If we tell Alex to stop cussing, one major thing will happen. He will get the wrong picture of the gospel. This is why I became angry at Jack. When he told Alex to stop cussing, what was he implying? It could be put as simple as this: “Alex, you need to stop cussing and clean up your language. Once you’re able to fix your behavior, you will be able to reach God. You have to get yourself together before going to Him.” Jack never said this, but that’s what was implied. It’s as if we have forgotten the gospel. “For by grace you have been saved through faith. And this is not your own doing; it is the gift of God” (Ephesians 2:8). We are saved by grace, so why do we preach morals rather than grace? The gospel isn’t after a change in behavior, it’s after you! When Alex cussed, he didn’t need someone to correct him; he needed someone to love him, be his friend, and someone to set a good example.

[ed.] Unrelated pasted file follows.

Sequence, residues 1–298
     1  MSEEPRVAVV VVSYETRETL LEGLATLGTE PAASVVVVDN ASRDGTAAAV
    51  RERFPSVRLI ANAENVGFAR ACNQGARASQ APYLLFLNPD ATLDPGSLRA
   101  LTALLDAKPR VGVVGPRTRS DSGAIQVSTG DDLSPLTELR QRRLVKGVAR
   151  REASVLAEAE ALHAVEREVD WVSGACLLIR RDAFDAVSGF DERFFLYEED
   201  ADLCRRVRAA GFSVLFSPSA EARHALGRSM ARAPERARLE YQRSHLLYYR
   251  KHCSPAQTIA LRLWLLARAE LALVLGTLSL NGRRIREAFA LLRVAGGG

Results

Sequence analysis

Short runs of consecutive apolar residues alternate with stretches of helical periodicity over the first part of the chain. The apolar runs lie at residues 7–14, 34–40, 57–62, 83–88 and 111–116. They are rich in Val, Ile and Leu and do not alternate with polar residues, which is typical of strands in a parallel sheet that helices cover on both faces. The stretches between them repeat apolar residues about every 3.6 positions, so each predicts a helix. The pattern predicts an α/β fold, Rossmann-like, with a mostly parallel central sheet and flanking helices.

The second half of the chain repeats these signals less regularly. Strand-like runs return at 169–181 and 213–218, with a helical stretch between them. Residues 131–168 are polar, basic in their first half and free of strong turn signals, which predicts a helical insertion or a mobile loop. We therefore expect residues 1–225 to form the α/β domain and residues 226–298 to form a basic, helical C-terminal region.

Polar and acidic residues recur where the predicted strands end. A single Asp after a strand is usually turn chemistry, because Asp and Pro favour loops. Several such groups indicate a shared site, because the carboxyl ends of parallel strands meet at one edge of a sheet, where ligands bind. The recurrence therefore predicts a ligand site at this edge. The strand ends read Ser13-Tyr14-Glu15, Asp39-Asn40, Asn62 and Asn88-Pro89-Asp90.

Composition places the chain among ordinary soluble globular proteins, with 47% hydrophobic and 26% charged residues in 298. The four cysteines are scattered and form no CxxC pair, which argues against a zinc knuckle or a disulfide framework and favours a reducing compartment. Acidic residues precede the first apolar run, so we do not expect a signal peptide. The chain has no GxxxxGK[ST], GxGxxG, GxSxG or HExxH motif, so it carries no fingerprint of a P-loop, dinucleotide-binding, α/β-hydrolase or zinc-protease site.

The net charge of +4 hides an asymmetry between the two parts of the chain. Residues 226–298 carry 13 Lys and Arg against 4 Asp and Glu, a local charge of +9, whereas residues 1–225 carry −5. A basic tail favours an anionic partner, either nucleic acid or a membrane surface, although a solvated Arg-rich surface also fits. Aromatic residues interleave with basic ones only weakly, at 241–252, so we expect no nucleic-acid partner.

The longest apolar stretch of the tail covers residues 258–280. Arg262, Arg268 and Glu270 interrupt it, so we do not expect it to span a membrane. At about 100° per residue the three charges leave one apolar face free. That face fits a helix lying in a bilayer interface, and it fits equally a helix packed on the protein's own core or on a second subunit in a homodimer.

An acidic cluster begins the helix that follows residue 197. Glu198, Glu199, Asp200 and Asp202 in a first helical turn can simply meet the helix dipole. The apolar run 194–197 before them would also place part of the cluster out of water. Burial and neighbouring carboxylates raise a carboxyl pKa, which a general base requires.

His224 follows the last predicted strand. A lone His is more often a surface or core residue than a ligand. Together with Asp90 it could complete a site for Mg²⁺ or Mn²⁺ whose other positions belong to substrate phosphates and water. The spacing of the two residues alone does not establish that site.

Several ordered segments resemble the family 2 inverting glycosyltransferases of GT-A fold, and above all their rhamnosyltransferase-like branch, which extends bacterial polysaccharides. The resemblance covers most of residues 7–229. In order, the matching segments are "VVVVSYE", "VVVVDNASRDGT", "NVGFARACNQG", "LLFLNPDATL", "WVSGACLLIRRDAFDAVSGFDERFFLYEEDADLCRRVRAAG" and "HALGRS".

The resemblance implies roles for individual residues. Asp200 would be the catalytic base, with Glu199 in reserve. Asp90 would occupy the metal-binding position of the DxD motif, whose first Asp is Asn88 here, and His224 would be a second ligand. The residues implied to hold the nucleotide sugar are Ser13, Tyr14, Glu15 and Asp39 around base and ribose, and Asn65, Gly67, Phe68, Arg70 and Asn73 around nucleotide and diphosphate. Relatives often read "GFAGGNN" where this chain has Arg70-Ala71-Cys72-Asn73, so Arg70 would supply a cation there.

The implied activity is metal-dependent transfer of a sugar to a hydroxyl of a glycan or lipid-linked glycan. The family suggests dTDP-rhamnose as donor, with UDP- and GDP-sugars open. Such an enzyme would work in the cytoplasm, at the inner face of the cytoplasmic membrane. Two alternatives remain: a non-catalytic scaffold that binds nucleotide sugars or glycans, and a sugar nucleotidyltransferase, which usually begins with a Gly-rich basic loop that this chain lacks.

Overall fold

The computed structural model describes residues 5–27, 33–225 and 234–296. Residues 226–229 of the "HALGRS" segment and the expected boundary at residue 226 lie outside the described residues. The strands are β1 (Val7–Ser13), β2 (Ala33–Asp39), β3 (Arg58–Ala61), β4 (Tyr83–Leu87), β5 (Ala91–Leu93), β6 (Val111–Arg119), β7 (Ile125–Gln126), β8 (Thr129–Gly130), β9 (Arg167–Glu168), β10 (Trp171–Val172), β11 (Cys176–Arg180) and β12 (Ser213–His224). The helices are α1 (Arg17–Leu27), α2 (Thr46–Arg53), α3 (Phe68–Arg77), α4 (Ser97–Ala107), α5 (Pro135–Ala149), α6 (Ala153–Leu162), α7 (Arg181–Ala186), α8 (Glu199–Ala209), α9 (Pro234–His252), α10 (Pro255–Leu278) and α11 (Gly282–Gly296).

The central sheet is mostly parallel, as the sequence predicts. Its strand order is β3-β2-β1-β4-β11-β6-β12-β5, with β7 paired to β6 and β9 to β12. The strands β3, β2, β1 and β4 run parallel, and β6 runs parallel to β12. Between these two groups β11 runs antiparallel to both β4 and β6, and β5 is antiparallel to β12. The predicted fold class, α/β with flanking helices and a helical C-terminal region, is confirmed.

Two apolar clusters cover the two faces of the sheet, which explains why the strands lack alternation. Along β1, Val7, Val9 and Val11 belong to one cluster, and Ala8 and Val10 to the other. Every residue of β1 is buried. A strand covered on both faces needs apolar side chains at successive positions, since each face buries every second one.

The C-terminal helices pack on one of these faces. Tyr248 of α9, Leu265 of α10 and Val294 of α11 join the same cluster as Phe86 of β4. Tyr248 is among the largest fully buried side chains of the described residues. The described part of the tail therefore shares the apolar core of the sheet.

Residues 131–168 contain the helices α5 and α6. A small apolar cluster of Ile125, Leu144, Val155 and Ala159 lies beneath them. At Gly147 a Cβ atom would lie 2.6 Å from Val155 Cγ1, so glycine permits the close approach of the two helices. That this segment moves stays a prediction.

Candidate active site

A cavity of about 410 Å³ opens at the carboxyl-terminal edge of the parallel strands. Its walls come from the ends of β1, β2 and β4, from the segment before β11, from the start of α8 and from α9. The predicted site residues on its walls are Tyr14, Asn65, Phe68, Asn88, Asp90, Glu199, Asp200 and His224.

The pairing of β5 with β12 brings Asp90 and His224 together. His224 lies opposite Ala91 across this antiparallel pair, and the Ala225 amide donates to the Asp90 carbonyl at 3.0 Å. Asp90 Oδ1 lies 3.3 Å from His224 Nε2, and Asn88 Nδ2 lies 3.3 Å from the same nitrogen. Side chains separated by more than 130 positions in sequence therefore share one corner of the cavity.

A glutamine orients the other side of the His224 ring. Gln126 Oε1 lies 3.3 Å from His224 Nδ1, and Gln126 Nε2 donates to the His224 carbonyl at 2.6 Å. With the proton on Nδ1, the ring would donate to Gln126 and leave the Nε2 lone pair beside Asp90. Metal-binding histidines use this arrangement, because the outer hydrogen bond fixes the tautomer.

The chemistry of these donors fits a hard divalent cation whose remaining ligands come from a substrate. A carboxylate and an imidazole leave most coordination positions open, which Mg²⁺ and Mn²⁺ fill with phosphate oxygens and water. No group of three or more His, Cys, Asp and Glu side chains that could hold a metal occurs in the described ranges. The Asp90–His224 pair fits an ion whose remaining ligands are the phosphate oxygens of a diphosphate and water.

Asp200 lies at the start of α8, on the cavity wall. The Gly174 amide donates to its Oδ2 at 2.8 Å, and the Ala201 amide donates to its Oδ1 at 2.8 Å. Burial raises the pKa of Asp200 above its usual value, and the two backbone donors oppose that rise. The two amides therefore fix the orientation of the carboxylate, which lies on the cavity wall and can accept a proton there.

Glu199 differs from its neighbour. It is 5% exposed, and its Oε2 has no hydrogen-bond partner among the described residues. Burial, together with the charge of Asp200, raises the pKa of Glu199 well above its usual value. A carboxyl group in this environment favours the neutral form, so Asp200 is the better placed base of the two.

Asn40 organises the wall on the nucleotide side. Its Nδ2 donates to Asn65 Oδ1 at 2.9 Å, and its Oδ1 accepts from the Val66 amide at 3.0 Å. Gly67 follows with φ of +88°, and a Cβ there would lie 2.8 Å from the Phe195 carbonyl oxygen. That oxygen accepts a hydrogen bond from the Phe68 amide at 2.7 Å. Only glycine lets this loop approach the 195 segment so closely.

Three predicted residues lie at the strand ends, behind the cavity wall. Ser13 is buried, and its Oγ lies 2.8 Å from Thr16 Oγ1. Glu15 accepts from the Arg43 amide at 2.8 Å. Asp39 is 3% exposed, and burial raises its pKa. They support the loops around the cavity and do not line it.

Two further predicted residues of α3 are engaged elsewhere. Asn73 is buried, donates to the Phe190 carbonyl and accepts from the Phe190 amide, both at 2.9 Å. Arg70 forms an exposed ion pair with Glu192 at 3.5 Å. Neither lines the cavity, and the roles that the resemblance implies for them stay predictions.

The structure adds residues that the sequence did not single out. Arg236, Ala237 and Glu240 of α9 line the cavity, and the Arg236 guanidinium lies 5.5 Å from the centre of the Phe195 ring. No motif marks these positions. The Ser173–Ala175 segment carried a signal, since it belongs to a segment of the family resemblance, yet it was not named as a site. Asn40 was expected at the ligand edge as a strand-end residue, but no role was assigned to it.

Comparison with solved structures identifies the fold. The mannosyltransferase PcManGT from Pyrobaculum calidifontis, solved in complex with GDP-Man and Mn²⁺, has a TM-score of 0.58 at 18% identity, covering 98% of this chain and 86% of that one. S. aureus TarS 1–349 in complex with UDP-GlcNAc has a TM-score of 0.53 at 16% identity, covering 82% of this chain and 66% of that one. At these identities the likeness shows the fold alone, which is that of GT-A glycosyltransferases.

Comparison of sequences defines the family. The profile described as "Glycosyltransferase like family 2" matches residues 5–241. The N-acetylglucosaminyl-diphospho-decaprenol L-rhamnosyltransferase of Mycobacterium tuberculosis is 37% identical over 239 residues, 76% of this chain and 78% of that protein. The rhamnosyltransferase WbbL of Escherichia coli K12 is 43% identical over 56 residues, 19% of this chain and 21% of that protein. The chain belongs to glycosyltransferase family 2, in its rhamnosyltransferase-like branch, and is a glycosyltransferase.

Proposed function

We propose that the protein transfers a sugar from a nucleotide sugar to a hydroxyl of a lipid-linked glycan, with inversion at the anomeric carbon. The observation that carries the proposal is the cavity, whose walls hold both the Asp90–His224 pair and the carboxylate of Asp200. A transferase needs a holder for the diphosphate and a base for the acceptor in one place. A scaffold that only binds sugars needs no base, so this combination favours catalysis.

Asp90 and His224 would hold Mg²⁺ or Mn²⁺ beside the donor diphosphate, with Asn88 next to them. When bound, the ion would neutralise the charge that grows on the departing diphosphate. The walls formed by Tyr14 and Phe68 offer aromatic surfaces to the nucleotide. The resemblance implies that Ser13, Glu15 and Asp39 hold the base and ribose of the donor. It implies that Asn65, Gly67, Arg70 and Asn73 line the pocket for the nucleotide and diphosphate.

I have to ask, what are we after? Do we want a change in word choice or a changed life? Do we want a change in behavior or a change of heart? Do we want people to live duplicate lives in which they privatize their sin or do we want people who are the same person wherever they go? Just remember that God is not primarily after a change in behavior, he is after our hearts! Isaiah 29:13 says “These people come near to me with their mouth and honor me with their lips, but their hearts are far from me.” You can have someone who does and says all the right things, but despite good morals we can’t earn our way to God. Christ already did that for us. So I ask, would you rather see someone who has a clean mouth, but doesn’t know God or see someone who cusses, but knows God? Regardless, just remember that a change in behavior doesn’t always result in a change of heart, but rather a change in heart results in a change of behavior. And how do we change the heart? Not by pointing people to their moral hiccups, but by pointing people to the one who has the power to change the heart. Did Jack do the right thing? You be the judge.